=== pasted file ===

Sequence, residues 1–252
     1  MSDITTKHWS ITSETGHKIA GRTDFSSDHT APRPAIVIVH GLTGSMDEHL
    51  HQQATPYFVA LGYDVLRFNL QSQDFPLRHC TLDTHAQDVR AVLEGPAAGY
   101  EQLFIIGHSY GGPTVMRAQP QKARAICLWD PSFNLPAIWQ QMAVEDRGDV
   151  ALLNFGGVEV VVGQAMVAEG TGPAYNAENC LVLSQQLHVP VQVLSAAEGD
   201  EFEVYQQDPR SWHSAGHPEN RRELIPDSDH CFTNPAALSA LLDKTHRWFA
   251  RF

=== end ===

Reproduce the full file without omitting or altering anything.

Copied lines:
Sequence, residues 1–252
     1  MSDITTKHWS ITSETGHKIA GRTDFSSDHT APRPAIVIVH GLTGSMDEHL
    51  HQQATPYFVA LGYDVLRFNL QSQDFPLRHC TLDTHAQDVR AVLEGPAAGY
   101  EQLFIIGHSY GGPTVMRAQP QKARAICLWD PSFNLPAIWQ QMAVEDRGDV
   151  ALLNFGGVEV VVGQAMVAEG TGPAYNAENC LVLSQQLHVP VQVLSAAEGD
   201  EFEVYQQDPR SWHSAGHPEN RRELIPDSDH CFTNPAALSA LLDKTHRWFA
   251  RF